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Minister Edna Molewa gazettes the Biodiversity Management Plan for White Rhino

03 December 2015

 

The Minister of Environmental Affairs, Mrs Edna Molewa, on Wednesday, 02 December 2015, published the Biodiversity Management Plan for white rhinoceros (Ceratotherium simum in Government Gazette No. 39469 in terms of section43(1) (b)(i) read with section 43(3) of the National Environmental Management: Biodiversity Act, 2004 (Act No. 10 of 2004).

The main purpose of BMP-S in terms of NEMBA is to ensure the long-term survival in the wild of the species and provide for monitoring and reporting on the progress with implementation of the plan. The BMP for white rhino will build upon an initial “Strategy for conservation and sustainable use of wild populations of southern white rhino Ceratotherium simum in South Africa.

The plan enables the evaluation of conservation progress and management and sets out key actions and strategies needed to ensure that monitoring, protection, conservation and sustainable management of the species will contribute to meeting conservation goals and contribute towards meeting the long-term vision for conservation of white rhino.

The Biodiversity Management Plans for Species allows for the monitoring and review of actions taken to conserve species in the wild amidst a changing environment.  It also requires that, in terms of the National Environmental Management: Biodiversity Act, all management plans compiled by conservation authorities are approved by the Minister for public participation and implementation respectively.

Additionally, the development of this Biodiversity Management Plan is in response to an instruction from the Environmental Parliamentary Portfolio Committee as a result of the current upsurge in rhino horn poaching. It also reflects on the commitment of the key partners involved to work together in order to effectively achieve priorities highlighted in the Minister’s rhino summit as well as try to curb the illegal poaching and trade in rhinos.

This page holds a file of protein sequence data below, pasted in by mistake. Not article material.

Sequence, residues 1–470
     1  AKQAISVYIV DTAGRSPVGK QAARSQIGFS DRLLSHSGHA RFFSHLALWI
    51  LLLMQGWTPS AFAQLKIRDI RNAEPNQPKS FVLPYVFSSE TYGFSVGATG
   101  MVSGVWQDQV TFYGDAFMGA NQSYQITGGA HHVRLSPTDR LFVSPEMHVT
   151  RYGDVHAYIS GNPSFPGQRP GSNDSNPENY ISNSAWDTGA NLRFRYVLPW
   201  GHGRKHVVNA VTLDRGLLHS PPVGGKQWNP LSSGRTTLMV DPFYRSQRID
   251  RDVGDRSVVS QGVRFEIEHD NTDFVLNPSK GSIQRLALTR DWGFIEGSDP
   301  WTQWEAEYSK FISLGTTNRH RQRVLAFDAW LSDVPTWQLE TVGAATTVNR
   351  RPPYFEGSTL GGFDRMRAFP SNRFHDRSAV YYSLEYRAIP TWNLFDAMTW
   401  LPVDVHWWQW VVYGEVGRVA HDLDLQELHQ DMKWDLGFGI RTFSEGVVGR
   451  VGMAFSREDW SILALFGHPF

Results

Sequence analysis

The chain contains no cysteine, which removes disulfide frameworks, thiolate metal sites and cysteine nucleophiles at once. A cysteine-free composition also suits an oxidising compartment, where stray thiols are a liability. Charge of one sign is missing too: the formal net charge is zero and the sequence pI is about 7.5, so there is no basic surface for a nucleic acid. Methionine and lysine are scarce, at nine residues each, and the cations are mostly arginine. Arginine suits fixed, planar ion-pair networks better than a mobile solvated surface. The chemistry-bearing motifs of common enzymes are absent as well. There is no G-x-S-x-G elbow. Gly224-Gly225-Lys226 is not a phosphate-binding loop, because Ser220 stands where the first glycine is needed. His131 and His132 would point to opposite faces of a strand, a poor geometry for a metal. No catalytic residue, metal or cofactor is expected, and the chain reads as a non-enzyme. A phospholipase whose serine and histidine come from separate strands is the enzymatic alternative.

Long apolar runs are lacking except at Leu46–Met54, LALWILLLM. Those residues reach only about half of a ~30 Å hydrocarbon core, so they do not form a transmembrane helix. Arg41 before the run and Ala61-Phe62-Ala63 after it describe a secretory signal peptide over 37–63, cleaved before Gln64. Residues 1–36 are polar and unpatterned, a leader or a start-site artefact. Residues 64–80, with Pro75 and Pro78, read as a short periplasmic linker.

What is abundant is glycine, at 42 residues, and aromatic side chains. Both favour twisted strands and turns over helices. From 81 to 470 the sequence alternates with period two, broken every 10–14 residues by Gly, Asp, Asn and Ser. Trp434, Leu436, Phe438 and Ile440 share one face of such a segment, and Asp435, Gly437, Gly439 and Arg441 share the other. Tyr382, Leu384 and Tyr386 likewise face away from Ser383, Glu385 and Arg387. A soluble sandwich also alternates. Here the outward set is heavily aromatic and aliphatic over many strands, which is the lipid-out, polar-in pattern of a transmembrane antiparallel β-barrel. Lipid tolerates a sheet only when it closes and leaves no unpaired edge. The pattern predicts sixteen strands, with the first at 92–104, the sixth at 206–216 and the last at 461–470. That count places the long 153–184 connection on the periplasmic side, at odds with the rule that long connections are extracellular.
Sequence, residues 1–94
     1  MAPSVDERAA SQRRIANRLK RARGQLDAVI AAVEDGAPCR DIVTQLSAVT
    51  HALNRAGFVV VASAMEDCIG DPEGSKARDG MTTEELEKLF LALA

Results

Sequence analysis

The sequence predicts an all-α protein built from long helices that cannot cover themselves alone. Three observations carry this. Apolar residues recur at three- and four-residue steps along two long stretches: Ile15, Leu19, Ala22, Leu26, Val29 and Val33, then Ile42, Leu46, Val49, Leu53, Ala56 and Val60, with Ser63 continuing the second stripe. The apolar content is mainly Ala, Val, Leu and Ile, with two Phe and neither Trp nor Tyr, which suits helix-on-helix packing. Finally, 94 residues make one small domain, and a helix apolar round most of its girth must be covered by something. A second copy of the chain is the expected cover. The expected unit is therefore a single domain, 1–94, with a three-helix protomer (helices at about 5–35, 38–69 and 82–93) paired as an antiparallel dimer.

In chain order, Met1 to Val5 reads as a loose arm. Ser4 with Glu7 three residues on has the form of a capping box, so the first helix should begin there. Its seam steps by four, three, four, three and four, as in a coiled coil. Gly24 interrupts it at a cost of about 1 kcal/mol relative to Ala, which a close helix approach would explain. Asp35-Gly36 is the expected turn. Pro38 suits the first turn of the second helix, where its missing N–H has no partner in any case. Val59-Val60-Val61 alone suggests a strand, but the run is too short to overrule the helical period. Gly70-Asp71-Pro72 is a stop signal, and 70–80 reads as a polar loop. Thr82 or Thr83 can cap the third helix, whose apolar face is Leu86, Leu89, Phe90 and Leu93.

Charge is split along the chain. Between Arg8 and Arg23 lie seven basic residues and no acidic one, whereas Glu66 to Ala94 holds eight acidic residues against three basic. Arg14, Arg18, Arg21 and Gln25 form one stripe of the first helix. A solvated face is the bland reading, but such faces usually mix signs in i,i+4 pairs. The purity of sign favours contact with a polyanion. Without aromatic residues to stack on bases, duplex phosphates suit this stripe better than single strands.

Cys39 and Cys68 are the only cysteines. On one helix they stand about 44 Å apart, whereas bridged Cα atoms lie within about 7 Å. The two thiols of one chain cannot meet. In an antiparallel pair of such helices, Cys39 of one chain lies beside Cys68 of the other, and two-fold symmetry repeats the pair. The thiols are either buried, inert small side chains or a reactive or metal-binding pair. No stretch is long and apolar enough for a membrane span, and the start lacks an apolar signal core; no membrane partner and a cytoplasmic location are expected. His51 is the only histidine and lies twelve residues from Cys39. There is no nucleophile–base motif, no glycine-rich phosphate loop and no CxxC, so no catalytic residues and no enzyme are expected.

The plan enables the evaluation of conservation progress and management and sets out key actions and strategies needed to ensure that monitoring, protection, conservation and sustainable management of the species will contribute to meeting conservation goals and contribute towards meeting the long-term vision for conservation of white rhino.

To access the gazette, follow the link below:

>> National Environmental Management: Biodiversity Act, 2004 (Act No.10 of 2004) The Biodiversity Management Plan for White Rhinoceros (Ceratotherium simum) (G39469 - N1191)

 

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Note:

The Southern white rhino Ceratotherium simum was historically found in southern Africa. Hunting and poaching reduced the population to between 20 - 50 animals in the iMfolozi area (now Hluhluwe-iMfolozi Park in KwaZulu-Natal) by the end of the 19th century. By the beginning of 2012 the South African population had increased in size to represent over 93% of Africa’s wild white rhino.

The saving of this species is hailed as one of Africa’s greatest conservation success stories. Kruger National Park and Hluhluwe-iMfolozi Park accounted for an estimated 53% and 13% of South Africa’s white rhinos in 2012, respectively.

The private sector has also played a major role in rhino conservation by conserving about 24% (4,520) of the national population by 2012. The communal sector is beginning to play an increasing role in the conservation of the species. Although South Africa’s white rhino have increased at an average of 6.6 % per annum from 1991 - 2012, this growth is under pressure from resurgent and escalating poaching of rhinos for their horns.

This upsurge in poaching has coincided with soaring costs for protecting rhino, increased risks to owners and conservation staff and the rhinos themselves. Worryingly, incentives (e.g. live sale prices) for rhino conservation have been generally declining. If these trends continue this will threaten continued increases in numbers of rhino and extent of suitable habitat under rhino management as well as reducing funds available for field conservation action, especially by the important source populations.